Justification for war and all the debate on the subject goes back to the Romans with essays as Catiline Orations and Philippics by Cicero. The subject started to be an issue in times of Julius Caesar, when decisions on warfare where monopolized by the future emperor. In fact, polemics escalated until the point that Rome stopped to be a republic to become an empire.
Justice is a universal value for humans; our society holds tightly the idea of carrying it as a slogan for progress. The value is in our consciousness and we listen to people talking about it in morning television shows. I personally think that justice is the card that people play when they catch kids stealing Mars Bars from the drug store, mainly because they don’t have the guts for stealing them themselves. This concept is doubtlessly complicated and many people squinted when the subject was brought in the plaza in the old days. I can see Cicero squinting his ass off when Caesar started to talk about his outlandish sense of justice. World leaders have had different ways of putting justice in the table – and it makes sense because justice, morality, and many other non-tangible concepts don’t really exist, it was a concept made out of greed utilized against fast thinkers when they started cheating in card games and in “find the ball in the tree cups” in La vieja España – you can define justice the way you like, really I’ll be alright. So, what is really important about justice is perhaps not the concept itself but whom we think the pertinent authority is to say what is really just and what is not.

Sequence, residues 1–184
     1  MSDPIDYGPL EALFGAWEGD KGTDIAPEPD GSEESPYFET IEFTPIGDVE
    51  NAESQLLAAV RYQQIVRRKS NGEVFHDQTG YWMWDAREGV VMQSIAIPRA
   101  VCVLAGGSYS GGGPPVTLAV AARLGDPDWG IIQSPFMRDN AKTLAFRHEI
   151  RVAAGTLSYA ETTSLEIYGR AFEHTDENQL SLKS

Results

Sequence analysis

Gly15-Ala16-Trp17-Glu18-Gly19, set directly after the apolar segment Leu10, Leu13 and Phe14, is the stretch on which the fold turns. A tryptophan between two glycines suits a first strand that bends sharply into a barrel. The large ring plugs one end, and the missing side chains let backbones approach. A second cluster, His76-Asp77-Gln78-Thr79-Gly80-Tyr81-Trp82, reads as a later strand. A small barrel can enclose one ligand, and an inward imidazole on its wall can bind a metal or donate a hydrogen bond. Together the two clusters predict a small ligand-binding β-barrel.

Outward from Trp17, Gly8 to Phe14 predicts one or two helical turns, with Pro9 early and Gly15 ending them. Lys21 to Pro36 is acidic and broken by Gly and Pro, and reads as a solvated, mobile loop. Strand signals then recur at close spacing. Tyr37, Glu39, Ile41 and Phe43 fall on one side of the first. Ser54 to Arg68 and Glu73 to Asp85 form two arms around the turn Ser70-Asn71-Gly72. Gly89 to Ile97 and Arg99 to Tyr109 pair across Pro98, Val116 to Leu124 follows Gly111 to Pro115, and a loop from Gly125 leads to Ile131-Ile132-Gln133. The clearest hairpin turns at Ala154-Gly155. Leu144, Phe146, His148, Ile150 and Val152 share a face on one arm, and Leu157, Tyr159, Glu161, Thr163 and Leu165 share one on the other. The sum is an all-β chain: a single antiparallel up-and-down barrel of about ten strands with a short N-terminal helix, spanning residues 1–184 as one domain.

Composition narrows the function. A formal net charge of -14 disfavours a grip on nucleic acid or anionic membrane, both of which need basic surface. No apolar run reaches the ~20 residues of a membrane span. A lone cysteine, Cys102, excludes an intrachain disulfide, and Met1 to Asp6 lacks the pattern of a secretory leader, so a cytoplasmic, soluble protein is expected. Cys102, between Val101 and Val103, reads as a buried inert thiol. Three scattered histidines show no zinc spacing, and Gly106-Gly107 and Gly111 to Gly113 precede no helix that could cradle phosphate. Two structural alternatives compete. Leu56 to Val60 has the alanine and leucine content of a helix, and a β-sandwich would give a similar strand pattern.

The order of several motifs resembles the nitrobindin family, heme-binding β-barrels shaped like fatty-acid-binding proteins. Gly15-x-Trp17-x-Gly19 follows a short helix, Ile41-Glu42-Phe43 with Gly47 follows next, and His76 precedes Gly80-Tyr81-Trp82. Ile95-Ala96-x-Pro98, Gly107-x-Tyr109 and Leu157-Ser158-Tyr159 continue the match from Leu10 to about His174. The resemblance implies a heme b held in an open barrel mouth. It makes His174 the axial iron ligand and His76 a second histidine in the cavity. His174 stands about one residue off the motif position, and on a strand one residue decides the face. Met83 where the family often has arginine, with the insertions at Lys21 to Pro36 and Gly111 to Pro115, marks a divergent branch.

Throughout the eras, the right of saying what is just has been only granted to a limited extent of people. This means that only certain individuals could really grasp the knowledge of what is just and what is not, the possibility for a civilization to engage war with another also rested on these people’s shoulders. Civilians didn’t really have the knowledge of what is just or not, nor a word on private matters.